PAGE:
NEMAA Cross Country Championships – 3rd February 2024

by Geoff Hewitson

“There is a course in Old Wallsend
They call the Rising Sun
And it’s been the ruin of many a runner
And God, I know, I’m one!”

Well OK, so it’s not quite the opening lines to the early 60’s classic “House of the Rising Sun” by the Animals, but if lead singer Eric Burden (and/or the rest of the band) had experienced Saturday’s event, he may well have been tempted to change the lyrics!

The link to the song (other than the fact that the Animals were a Newcastle band) is that the Wallsend course (situated within a large area of undulating urban countryside park) is adjacent to the Rising Sun Sports Ground. The North East Masters Cross-Country Championships have been held at this same venue on a number of previous occasions, perhaps most memorably back in 2019 when 4 – 5 inches of snow provided a “different” type of challenge. The brilliantly named Barking Dog Social Club (yes, honestly) served as race HQ, and provided ample changing and toilet facilities.

Back in 2022 when the event was last held here, a lack of rain (!) had resulted in almost dry (or ‘bone’ dry) underfoot conditions, with only one short stretch of about 50 metres of sticky mud. This time around, however, there was MUD – and lots of it. I was a bit surprised to find the course as boggy as it was after a mostly dry week, and I suppose it’s just a reflection of how wet this winter has been. Conditions for running were otherwise not too bad, although the cold wind was particularly evident on the climb to the highest and most exposed parts of the course.

Terrain-wise the course is essentially a ‘double loop’ or figure of 8 with a bit in the middle where runners going in one direction pass alongside those coming back the opposite way. It is quite undulating, with three climbs on each lap, so probably at the tough end of the spectrum in comparison with our Harrier League XC courses. The most difficult choice was that of footwear – Jo Raine and myself both went for trail shoes but in hindsight we agreed we should probably have opted for spikes. The downside of wearing spikes is that the middle of the course has a longish stretch of hard, stony path which has to be negotiated twice (out and back) on each lap.

It was a pity that we didn’t have a better turnout from the club, (no competitors in Race 2) although I accept that it’s a busy time for races etc. right now (particularly with the Northerns last weekend), and it can be difficult to fit everything in. As it was a Masters’ event, the minimum age was 35 but being an Open Championship, it wasn’t restricted only to NEMAA members. Fields are much smaller than in a Harrier League XC but the ‘Championship’ status means it tends to attract the cream of Vet XC athletes from the region and there’s no hiding place! It’s also far less busy and congested compared with most Harrier League events, and the field gets strung out pretty quickly.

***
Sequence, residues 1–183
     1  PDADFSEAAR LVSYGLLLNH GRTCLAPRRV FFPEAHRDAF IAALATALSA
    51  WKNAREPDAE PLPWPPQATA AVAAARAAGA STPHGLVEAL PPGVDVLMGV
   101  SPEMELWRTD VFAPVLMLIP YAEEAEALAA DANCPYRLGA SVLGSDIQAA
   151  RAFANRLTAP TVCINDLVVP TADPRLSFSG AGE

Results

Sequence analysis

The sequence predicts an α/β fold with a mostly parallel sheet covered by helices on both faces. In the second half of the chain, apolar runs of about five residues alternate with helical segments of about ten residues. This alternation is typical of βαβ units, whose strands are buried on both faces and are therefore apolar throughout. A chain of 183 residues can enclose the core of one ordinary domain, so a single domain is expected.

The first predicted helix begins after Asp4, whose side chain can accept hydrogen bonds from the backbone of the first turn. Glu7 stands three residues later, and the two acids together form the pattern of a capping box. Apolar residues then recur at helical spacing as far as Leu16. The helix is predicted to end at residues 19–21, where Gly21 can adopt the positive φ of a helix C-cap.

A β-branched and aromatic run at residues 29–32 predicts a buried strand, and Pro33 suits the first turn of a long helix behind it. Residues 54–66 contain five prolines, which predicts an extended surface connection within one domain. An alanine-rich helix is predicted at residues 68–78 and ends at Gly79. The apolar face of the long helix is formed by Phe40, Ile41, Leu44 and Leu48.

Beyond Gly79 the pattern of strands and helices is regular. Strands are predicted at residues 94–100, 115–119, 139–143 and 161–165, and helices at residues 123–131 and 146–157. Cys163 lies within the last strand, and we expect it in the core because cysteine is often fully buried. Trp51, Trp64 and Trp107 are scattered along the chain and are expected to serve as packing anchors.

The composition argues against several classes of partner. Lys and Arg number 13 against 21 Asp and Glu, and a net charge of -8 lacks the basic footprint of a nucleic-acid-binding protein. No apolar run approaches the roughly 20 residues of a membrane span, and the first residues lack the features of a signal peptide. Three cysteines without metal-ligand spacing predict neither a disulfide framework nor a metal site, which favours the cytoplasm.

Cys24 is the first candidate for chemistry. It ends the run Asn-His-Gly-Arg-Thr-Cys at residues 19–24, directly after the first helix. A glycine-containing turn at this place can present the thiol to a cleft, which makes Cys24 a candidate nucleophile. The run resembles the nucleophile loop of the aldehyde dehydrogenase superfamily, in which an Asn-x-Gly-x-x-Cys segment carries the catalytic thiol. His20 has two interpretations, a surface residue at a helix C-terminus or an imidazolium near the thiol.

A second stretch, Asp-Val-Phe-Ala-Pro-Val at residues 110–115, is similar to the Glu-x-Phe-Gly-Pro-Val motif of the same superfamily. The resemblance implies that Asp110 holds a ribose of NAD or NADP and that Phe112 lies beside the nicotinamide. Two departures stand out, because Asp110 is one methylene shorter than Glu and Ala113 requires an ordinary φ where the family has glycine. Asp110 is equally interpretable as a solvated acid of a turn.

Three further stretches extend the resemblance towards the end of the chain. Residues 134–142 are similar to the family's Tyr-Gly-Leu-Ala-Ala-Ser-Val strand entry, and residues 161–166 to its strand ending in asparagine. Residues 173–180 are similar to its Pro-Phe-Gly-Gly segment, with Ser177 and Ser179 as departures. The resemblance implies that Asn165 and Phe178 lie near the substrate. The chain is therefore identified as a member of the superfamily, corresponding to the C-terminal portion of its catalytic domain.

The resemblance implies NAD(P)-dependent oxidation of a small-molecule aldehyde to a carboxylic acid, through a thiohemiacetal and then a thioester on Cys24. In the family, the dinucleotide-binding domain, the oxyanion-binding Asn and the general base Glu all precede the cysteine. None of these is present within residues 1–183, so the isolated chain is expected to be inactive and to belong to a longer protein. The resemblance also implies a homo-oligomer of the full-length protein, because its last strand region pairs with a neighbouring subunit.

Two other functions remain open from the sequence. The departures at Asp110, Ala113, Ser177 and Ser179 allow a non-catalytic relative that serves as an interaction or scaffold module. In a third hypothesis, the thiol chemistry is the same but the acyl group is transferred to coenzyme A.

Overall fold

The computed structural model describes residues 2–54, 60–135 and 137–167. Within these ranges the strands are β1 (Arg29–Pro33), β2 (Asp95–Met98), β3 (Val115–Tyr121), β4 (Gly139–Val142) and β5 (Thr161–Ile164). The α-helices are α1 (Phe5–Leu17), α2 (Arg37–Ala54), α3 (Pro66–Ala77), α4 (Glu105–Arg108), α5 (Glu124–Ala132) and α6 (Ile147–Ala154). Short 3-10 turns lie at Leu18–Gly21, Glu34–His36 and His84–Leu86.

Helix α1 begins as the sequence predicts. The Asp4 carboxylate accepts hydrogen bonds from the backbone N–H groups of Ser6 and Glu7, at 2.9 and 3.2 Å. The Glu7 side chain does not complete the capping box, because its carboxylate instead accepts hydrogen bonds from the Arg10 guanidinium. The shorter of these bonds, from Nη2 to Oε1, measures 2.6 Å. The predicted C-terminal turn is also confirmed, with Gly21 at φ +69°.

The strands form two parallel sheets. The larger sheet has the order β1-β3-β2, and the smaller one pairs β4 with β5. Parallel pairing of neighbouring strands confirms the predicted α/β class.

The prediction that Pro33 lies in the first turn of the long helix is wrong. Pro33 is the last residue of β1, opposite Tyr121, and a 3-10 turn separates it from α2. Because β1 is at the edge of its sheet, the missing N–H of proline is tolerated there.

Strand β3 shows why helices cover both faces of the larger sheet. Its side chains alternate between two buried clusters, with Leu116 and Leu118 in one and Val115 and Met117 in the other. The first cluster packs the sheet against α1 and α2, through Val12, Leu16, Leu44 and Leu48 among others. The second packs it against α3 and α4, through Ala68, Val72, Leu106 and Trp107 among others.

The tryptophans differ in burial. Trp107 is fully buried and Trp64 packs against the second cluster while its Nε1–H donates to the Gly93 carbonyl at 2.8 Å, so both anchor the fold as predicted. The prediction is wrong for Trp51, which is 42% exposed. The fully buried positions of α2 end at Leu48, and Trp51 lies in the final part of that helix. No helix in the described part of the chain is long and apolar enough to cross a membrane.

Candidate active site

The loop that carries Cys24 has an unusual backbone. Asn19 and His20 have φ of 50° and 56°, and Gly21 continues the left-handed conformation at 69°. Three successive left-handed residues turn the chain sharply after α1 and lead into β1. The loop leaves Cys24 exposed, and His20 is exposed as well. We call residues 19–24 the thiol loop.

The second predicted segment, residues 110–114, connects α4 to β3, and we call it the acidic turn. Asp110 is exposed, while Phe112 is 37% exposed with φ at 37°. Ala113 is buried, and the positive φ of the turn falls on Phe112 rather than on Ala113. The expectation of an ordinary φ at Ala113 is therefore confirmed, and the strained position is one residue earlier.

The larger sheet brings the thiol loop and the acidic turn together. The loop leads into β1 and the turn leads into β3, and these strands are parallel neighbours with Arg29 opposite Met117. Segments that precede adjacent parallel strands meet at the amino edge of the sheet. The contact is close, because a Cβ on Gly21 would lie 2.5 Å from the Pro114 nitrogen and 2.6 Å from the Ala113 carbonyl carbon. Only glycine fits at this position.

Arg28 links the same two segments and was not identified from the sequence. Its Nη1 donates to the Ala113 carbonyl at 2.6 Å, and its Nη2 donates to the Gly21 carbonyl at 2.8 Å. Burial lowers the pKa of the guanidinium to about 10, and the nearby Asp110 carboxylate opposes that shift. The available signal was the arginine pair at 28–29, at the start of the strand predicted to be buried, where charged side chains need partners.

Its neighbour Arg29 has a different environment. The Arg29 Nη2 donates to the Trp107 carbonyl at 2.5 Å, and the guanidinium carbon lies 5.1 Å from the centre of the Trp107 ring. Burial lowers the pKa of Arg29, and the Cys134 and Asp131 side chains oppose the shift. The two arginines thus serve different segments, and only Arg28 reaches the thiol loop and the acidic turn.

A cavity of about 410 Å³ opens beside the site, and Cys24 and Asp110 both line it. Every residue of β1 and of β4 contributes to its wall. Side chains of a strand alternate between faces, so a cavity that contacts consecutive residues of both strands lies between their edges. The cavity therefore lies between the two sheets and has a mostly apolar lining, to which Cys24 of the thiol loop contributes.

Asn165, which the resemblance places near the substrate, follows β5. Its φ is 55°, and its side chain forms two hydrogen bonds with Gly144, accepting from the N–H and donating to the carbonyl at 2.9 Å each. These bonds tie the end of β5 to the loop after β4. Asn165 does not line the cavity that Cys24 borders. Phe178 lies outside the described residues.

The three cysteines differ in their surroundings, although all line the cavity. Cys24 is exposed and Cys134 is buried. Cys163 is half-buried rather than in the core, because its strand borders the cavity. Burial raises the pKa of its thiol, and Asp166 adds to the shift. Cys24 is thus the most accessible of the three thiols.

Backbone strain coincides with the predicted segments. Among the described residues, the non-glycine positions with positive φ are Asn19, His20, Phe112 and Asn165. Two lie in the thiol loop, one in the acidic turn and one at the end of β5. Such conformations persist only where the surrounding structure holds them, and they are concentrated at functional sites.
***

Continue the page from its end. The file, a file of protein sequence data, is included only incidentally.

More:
Race 1 was for ladies in all age categories from 35 upwards, and male 65+ athletes. It was run over two laps of the course, a distance of approximately 3.5 miles. Race 2 featured all the remaining male age categories from 35 to 64. Three laps of the course were required this time, a distance of approximately 5.25 miles.

Our club representatives (all in Race 1) were Laura Newby-Higginbottom, Jo Raine, Amanda Taylor, Jane Henderson, and Patricia White for the ladies, plus the “evergreen” MV65 squad of myself, Andy Turnell, Gerry Hehir and Mark Standbridge. Jo was first home in 20th place with an excellent time in the conditions of 27:02. I was next home in 29th place, followed by Mark (38th) then four of our runners came in very close to one another in 42nd (Jane H), 45th (Laura), 47th (Amanda) and 48th (Andy). Gerry appeared next in 53rd place, and last but not least of our cohort, an impressive strong finish from Patricia brought her home in 67th overall.

NEMAA Championship awards were available to the first three individuals in each 5 year age group, and there were also team awards in 10 year age groups (35 – 44, 45 – 54, etc). It was a pity that Kimberley had to withdraw due to illness, as we had hoped to field a FV35 – 44 team of Laura, Jo, and Kimberley as well as a FV45 – 54 team of Amanda, Jane and Patricia (as usual with relays, a team of mixed ages has to run in the category of its youngest member).

It was more straightforward for the M65 team as we had 4 runners in the same age category. We therefore had what they term a “natural” team, with the first three finishers to count. It was nice to have the luxury of 4 runners, which provided insurance against (heaven forbid) one of our team suffering an injury or accident during the race.


So a couple of near misses for myself and Jane on the individual NEMAA medal front, but congratulations to Patricia for picking up a bronze in the F65 category. The M65 team did, however, strike gold so congratulations to my team mates. Hopefully we might pick up one or two more of these going forward – maybe we need to look more closely for races with M65 team prizes?